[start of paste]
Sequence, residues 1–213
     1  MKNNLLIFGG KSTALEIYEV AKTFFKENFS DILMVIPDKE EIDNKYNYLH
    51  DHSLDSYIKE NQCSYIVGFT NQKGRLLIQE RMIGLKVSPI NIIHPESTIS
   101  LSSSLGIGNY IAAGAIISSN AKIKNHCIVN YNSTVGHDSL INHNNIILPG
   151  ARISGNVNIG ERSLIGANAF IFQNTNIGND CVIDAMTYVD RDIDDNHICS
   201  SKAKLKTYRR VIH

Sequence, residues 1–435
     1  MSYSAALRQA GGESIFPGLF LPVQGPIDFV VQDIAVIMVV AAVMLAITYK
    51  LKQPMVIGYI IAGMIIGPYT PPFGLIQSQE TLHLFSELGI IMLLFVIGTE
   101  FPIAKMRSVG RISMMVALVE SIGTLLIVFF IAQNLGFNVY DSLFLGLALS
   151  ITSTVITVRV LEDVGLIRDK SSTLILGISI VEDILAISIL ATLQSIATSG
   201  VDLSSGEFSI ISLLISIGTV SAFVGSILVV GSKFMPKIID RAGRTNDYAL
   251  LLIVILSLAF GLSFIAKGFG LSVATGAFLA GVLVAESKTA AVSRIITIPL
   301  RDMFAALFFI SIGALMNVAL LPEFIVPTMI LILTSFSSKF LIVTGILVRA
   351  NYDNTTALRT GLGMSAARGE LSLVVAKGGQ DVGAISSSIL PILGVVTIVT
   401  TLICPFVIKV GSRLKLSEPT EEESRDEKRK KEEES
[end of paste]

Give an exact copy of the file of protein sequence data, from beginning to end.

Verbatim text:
Sequence, residues 1–213
     1  MKNNLLIFGG KSTALEIYEV AKTFFKENFS DILMVIPDKE EIDNKYNYLH
    51  DHSLDSYIKE NQCSYIVGFT NQKGRLLIQE RMIGLKVSPI NIIHPESTIS
   101  LSSSLGIGNY IAAGAIISSN AKIKNHCIVN YNSTVGHDSL INHNNIILPG
   151  ARISGNVNIG ERSLIGANAF IFQNTNIGND CVIDAMTYVD RDIDDNHICS
   201  SKAKLKTYRR VIH

Sequence, residues 1–435
     1  MSYSAALRQA GGESIFPGLF LPVQGPIDFV VQDIAVIMVV AAVMLAITYK
    51  LKQPMVIGYI IAGMIIGPYT PPFGLIQSQE TLHLFSELGI IMLLFVIGTE
   101  FPIAKMRSVG RISMMVALVE SIGTLLIVFF IAQNLGFNVY DSLFLGLALS
   151  ITSTVITVRV LEDVGLIRDK SSTLILGISI VEDILAISIL ATLQSIATSG
   201  VDLSSGEFSI ISLLISIGTV SAFVGSILVV GSKFMPKIID RAGRTNDYAL
   251  LLIVILSLAF GLSFIAKGFG LSVATGAFLA GVLVAESKTA AVSRIITIPL
   301  RDMFAALFFI SIGALMNVAL LPEFIVPTMI LILTSFSSKF LIVTGILVRA
   351  NYDNTTALRT GLGMSAARGE LSLVVAKGGQ DVGAISSSIL PILGVVTIVT
   401  TLICPFVIKV GSRLKLSEPT EEESRDEKRK KEEES